“Cancer caregiver screening, referral, and follow-up need to be the standard of care in cancer.” — Alexandra Zaleta, Ph.D.

CSC’s research team has been developing and refining the CSS-Caregiver program over many years and phases. The finalized version, made possible with the support of the Novartis STEP (Solutions to Empower Patients) Program™, launched in January across CSC’s network of nonprofit and healthcare partners in the United States and Canada. After launching, CSC observed a 37% increase in screening of caregivers in just 3 months. “And we expect these numbers to continue to grow,” Dr. Zaleta notes. “We are also working with hospitals and healthcare centers nationwide to try to expand program access.”

CSS-Caregiver is a standalone caregiver support program, but it can also serve as a companion screening program to CancerSupportSource™, CSC’s distress screening, referral, and support program for patients. The tool is hosted on a digital platform led by Patient Planning Services, a social enterprise of CSC.

“The number-one feedback we get is that there’s no other program out there like this right now,” says Dr. Zaleta, who also noted that it’s uncovering concerns that might not get mentioned otherwise. “Our supportive care staff are experts in psychosocial support, so it’s really rewarding to hear that even among seasoned clinicians, this tool is helping to further enrich their understanding of people’s unique needs and that this helps to enhance their care planning.”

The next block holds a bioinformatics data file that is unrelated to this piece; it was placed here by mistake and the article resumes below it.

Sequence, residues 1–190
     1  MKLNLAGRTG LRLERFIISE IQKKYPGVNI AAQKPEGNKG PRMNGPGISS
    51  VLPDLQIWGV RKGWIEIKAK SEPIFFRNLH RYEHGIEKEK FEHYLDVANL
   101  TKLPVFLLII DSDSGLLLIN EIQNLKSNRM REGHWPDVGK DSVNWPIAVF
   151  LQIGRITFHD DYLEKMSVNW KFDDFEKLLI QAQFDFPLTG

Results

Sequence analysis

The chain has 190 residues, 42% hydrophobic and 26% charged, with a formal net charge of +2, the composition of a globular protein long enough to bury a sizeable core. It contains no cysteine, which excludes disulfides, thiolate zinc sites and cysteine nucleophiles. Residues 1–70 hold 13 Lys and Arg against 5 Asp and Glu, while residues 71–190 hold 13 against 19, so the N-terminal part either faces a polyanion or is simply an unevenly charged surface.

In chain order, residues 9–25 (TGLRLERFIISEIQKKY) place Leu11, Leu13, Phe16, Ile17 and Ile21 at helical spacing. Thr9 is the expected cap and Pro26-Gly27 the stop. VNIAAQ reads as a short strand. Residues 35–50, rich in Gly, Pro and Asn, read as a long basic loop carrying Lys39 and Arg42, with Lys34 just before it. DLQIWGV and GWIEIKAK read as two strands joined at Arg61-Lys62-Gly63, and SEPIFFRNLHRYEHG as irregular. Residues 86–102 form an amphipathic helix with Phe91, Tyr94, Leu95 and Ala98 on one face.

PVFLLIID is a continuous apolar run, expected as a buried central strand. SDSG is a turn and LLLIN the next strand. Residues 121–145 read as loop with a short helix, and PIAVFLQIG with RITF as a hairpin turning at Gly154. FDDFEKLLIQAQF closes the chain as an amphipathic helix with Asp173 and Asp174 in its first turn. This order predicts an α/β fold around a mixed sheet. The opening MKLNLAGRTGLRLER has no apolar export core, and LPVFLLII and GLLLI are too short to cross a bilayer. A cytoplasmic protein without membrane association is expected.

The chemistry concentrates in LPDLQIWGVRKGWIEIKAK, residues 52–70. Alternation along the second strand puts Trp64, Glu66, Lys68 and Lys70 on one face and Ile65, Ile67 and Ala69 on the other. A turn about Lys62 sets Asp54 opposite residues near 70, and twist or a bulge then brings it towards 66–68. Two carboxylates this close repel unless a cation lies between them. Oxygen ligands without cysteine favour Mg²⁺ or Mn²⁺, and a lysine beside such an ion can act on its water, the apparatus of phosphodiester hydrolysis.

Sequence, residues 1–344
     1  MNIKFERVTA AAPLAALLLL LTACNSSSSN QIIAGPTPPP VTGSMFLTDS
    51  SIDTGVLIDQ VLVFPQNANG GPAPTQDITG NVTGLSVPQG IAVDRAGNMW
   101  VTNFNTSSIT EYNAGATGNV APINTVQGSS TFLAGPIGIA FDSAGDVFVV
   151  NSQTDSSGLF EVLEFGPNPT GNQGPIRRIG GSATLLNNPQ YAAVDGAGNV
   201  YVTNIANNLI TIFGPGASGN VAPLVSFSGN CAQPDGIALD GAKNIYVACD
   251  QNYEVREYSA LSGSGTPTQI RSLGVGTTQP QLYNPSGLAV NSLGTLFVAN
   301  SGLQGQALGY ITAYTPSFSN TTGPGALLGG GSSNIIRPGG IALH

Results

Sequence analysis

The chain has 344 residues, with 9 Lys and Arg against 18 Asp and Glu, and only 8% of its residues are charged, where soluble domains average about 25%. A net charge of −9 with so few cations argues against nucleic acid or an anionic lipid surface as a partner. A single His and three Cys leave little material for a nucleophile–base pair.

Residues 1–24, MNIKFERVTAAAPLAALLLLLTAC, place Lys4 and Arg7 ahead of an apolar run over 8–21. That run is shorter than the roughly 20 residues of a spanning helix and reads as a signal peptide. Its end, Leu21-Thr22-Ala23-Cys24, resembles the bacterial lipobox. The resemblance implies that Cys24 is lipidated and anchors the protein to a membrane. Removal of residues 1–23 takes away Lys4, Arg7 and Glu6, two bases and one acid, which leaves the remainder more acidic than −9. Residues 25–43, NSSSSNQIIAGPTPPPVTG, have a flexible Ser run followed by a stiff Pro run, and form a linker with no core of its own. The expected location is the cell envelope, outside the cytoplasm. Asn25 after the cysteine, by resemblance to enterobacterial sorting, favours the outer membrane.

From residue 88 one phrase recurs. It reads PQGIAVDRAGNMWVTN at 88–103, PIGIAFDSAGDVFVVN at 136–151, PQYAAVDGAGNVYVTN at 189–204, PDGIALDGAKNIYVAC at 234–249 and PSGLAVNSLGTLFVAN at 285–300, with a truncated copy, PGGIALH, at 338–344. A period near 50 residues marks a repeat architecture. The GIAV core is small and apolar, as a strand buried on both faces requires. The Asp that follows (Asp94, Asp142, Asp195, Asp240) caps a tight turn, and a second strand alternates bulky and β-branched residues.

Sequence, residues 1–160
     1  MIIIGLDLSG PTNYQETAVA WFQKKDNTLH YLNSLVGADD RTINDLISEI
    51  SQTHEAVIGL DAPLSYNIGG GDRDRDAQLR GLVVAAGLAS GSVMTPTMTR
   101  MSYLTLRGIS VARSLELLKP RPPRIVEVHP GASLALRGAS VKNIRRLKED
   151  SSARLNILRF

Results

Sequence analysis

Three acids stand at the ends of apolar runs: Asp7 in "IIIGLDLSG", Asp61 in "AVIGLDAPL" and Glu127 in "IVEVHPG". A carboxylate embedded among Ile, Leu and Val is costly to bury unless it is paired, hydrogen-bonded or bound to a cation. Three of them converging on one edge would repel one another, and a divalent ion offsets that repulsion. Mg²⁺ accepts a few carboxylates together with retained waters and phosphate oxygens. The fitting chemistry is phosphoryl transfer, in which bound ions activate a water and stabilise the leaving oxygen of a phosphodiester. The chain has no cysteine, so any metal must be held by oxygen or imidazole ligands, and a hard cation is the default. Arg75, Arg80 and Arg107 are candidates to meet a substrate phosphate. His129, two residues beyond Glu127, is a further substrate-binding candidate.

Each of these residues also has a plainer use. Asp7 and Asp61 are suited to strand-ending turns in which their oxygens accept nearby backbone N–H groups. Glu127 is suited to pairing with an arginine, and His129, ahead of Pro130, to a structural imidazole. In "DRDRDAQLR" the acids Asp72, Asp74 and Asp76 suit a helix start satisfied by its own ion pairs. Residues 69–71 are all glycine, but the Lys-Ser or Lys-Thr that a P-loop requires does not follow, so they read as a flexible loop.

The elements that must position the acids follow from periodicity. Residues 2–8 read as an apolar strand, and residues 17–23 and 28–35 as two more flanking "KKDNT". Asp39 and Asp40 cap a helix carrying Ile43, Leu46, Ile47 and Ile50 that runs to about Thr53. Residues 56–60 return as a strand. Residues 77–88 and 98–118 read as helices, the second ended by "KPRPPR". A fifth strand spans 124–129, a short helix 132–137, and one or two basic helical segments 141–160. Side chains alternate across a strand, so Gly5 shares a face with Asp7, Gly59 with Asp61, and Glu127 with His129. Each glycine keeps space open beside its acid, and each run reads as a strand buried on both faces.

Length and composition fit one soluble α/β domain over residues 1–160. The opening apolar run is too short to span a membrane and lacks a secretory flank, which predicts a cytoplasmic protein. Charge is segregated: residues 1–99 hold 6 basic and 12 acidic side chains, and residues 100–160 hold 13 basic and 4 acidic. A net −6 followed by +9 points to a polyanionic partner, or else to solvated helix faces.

Supporting caregivers is an ongoing healthcare need. Caregiver screening is a good place to start as we continue to gain insights into the needs of caregivers and how we can best support them. Finding additional ways to provide caregivers with medical-skills training, disease and treatment information, emotional support, and financial counseling can benefit the caregiver as well as the patient. We know that quality caregiving leads to better patient outcomes.

“Cancer caregiver screening, referral, and follow-up need to be the standard of care in cancer,” says Dr. Zaleta. “I want to see the caregiver community honored and supported by our healthcare system.”